If they are hosted, there is no college "brand" associated with them. If a public student blog has a little orange "B", does it make any difference in branding the institution? Should we go to the effort of eliminating the top Blogger bar in student blogs by customizing the html template? And what influence and how much control should non-pedagogical forces and non-instructional staff have on the content and style of a student's academic blog?

We will soon be facing those challenges, and it does not hurt to prepare some sensible answers and formulate policies. There are many factors influencing the choice of a local vs. hosted version of a weblog server, not just branding, and unfortunately politics can trump technology. There is no same best way for everyone, and we'll only be deciding what's best for our spring 2007 semester. There are currently too many rapid developments in this area to formulate long-term strategy. Our goal is to stay one step ahead, and keep a close eye on the future.

Although College Relations has supported a few "PR" student blogs, our Instructional Technology Team is new at supporting student academic blogging. I am both impressed and humbled by how far others have gone, such as MIT's Katie Livingston Vale (800k PDF), and Drexel University's Jean-Claude Bradley. Thankfully, we have a variety of good role models to guide and inspire us.

Saturday, December 16, 2006

Web 2.0 day at Wesleyan! BarCampCONN?

Yesterday Bryan Alexander from NITLE came to Wesleyan University, and gave a full-day presentation on Web 2.0, I believe this is his SlideShare presentation, except for the title page of course:

About 40 instructional technologists and librarians from Connecticut College, Trinity College and Wesleyan University attended the full-day workshop. Bryan did a grea job presenting and linking together many concepts and processes in a rapidly-changing area. I don't know where he finds the energy for this, I'm usually out of gas after 90 minutes of teaching. The presentation was structured, but informal in that Bryan graciously allowed interruptions for comments or questions anytime. This worked better than a Q&A a the end, as we moved rapidly through many different Web 2.0 landscapes. Here is a link to the workshop wiki.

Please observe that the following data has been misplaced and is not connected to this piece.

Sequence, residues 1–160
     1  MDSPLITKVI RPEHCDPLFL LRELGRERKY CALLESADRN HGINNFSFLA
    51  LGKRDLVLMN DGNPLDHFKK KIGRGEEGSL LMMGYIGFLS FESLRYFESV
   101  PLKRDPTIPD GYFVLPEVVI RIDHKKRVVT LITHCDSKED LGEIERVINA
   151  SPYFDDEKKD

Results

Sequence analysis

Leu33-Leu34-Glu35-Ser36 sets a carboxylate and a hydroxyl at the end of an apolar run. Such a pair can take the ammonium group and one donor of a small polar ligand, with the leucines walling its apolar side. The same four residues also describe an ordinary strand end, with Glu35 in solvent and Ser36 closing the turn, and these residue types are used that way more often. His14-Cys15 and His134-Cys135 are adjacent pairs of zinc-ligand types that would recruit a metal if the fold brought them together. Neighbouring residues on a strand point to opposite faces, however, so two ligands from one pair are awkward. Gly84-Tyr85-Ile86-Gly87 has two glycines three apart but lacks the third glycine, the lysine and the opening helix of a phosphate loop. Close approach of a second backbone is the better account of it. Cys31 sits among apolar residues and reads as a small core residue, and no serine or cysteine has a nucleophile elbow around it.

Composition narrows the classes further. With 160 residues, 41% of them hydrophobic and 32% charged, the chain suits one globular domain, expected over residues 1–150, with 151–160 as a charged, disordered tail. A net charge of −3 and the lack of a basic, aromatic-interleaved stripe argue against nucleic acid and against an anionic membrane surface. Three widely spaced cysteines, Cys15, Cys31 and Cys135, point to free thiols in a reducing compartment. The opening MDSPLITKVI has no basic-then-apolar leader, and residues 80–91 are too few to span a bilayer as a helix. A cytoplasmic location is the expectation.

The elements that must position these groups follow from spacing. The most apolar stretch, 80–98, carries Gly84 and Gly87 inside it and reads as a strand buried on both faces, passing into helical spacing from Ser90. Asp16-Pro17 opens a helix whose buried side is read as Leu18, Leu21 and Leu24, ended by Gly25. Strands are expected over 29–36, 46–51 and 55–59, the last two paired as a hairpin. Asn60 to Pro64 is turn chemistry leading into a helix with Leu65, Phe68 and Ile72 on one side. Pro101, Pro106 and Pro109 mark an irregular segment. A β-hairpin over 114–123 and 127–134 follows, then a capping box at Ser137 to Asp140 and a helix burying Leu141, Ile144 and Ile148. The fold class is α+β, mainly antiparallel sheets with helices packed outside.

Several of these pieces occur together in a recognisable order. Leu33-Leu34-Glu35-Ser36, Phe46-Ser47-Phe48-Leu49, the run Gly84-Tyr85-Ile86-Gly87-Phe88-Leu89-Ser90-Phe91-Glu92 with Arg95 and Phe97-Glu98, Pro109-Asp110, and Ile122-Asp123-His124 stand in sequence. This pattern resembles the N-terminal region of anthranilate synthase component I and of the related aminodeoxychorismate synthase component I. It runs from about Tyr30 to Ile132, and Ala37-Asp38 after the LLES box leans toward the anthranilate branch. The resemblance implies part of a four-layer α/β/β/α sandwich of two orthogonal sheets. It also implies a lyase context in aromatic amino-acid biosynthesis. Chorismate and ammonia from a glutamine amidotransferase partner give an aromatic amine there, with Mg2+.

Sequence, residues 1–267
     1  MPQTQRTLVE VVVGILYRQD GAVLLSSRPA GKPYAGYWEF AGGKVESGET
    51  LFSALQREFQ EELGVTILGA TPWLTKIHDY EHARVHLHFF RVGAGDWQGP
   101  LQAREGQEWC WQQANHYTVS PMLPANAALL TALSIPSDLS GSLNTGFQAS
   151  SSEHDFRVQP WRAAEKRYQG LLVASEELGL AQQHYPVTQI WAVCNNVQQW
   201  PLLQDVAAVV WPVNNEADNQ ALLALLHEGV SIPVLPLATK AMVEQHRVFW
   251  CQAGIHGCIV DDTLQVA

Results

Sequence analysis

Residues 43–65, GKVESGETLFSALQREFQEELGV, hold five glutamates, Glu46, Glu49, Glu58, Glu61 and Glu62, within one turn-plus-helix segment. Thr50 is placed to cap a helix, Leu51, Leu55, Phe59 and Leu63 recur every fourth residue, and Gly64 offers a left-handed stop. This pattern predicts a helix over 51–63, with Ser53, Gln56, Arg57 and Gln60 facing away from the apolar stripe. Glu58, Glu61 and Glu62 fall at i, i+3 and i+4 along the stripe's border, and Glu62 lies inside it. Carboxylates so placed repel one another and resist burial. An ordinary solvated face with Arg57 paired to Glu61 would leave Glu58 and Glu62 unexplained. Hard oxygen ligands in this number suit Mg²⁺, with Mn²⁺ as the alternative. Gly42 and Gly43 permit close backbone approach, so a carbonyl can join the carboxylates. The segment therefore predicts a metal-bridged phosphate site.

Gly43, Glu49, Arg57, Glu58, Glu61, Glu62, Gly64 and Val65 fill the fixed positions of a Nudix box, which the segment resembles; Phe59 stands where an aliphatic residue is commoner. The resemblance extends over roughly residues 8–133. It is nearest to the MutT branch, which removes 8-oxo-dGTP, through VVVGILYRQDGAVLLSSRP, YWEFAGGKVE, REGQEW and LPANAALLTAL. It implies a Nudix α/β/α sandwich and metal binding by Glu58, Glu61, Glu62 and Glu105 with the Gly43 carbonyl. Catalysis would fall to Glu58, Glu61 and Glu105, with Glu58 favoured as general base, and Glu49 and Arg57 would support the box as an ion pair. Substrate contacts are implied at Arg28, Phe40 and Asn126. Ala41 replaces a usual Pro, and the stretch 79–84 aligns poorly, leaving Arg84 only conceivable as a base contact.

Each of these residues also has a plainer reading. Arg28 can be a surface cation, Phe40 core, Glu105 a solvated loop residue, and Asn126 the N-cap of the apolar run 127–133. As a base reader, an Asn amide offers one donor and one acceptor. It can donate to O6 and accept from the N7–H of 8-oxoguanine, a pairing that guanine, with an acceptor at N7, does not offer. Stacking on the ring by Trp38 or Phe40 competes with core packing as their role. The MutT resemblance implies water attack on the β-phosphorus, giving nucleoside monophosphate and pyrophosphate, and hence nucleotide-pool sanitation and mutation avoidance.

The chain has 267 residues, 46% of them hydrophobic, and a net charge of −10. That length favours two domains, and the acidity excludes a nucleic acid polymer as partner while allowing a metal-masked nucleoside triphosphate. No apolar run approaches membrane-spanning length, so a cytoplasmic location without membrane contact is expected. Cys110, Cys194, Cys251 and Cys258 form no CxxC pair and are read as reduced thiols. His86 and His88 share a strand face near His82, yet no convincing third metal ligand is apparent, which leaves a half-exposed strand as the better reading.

It was a day full of information, and probably started a lot of wheels spinning in the attendees' minds. My only regret was not asking Bryan, before the presentations, to explain the term "Long Tail" to the folks. It took me a while to figure out what it means, both socially and economically, and it might have helped others that don't know.

I spoke very briefly with Michael Roy, from Wesleyan, about a possible collaboration between our institutions to bring the first BarCamp to Connecticut next summer. This has been a fantasy of mine for a while, but I don't really have any ideas besides wouldn't it be neat! It obviously requires more than this, starting with it HAS to be successful, so "success" needs to be defined. What would be the goals of BarCampCONN (BarCampCT, or whatever), and why do it at all? After surfing through the post-analyses of a few BarCamps, I think it would be wiser to have a one-day the first time, as attendance often drops off the second day.

The first thing we would need, of course, is a cool logo, such as one of these:

Build an attractive logo and they will come? It reminds me of the early 70's when I was sailing on the Hudson River Sloop Clearwater. We'd sail from town to town with a bunch of musicians and environmentalists, have a festival, and make Stone Soup. We started with a big pot of boiling water on an open fire ashore, and put a clean stone in it. As people came by, they would throw different vegetables in the pot, with us keeping an eye on things. After a few hours we'd have a great soup for everyone to share, created communally. The soup would simmer and change throughout the day, as people came and went, added and ate different ingredients. Can an eye-catching logo be the cyber equivalent of the stone?

The Story of Stone Soup
Of course, we are not in a famine, we are all soldiers, and you can't buy a magic stone, you have to make one.

One reason to have a BarCampCONN would be that the "We is greater than the Me" (I'm borrowing this from someone else, but I forgot who!). There is something stimulating, reinvigorating and exciting about getting a bunch of people together to talk and do Web 2.0 stuff, and it seems safer than sky-diving. So, I'm going to try and go to one or two BarCamps this winter, and see what it's all about. Amsterdam or Paris would have been nice, but I missed them. Should I spend my team's entire remaining travel budget and put in a travel request to BarCamp Rome? Nah, it will be turned down, so I'll settle for something closer.

Thanks to Bryan and Wesleyan for a great day!